President Joe Biden on Monday will sign a $1.2 trillion bipartisan infrastructure bill into law in a Monday afternoon ceremony that will be attended by both Democratic and Republican lawmakers who supported the bill. However, there will be one notable exception: Rep. Chris Smith, who voted to approve the legislation, but is now under fire from fellow Republicans and former President Trump for his vote.
Rep. Smith, whose 4th District includes Lakewood, was one of just 13 Republicans in the House of Representatives to vote in favor of the bill. The legislation includes historic investments in roads, bridges, ports, water, and rail, as well as billions to expand the nation’s broadband and water infrastructure.
According to TLS sources, while Rep. Smith supports the infrastructure bill, he does not want to give the illusion that the White House is making significant bipartisan inroads with Republicans and wishes to instead portray the infrastructure bill as a one-time scenario in which Republicans and Democrats agree upon an issue.
Smith has also come under fire since his ‘yay’ vote, most notably from Donald Trump, who pledged in a statement to support primary challengers to Smith and other Republicans who voted for the bill. It should however be noted that Republican Rep. Jeff Van Drew also voted to pass the infrastructure bill, yet Trump did not mention him in the statement.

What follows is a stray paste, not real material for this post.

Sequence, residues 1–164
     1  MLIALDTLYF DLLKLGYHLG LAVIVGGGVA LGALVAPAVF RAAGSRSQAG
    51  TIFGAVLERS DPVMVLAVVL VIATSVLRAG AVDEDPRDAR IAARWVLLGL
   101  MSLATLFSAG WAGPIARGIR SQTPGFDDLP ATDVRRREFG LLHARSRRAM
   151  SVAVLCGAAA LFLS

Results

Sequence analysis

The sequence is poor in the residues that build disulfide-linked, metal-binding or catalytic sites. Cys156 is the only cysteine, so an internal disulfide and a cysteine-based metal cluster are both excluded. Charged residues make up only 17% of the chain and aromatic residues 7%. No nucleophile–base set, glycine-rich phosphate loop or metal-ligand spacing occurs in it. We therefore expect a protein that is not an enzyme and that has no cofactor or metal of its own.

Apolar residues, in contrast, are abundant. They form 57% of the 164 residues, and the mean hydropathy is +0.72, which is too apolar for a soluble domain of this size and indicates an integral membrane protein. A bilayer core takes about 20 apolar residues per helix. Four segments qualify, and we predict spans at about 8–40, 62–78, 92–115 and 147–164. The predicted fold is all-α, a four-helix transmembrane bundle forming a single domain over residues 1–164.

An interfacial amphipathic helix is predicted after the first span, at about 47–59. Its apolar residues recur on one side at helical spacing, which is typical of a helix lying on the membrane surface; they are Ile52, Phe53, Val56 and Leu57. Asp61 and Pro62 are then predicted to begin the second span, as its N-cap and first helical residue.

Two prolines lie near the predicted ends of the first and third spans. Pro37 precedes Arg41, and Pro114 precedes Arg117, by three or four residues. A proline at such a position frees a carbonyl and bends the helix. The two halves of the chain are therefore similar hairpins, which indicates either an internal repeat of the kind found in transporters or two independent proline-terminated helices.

“Above all, this legislation is necessary to better ensure the safety of the people in my district, New Jersey, and the nation,” Rep. Smith told TLS. “Originally, the two major bills were scheduled to be voted on in the House on the same day—Friday, November 5th —but then only the infrastructure bill actually came to the House floor. This created a great deal of confusion and misunderstanding. Many people appear to have been genuinely misled into believing that provisions of the so-called Build Back Better legislation—pushed by President Biden and progressive Democrats—were included in the Bipartisan Infrastructure legislation. That was simply not the case. Infrastructure funding has long been recognized as critical to the U.S. economy, creating and sustaining jobs and for the safety of Americans.”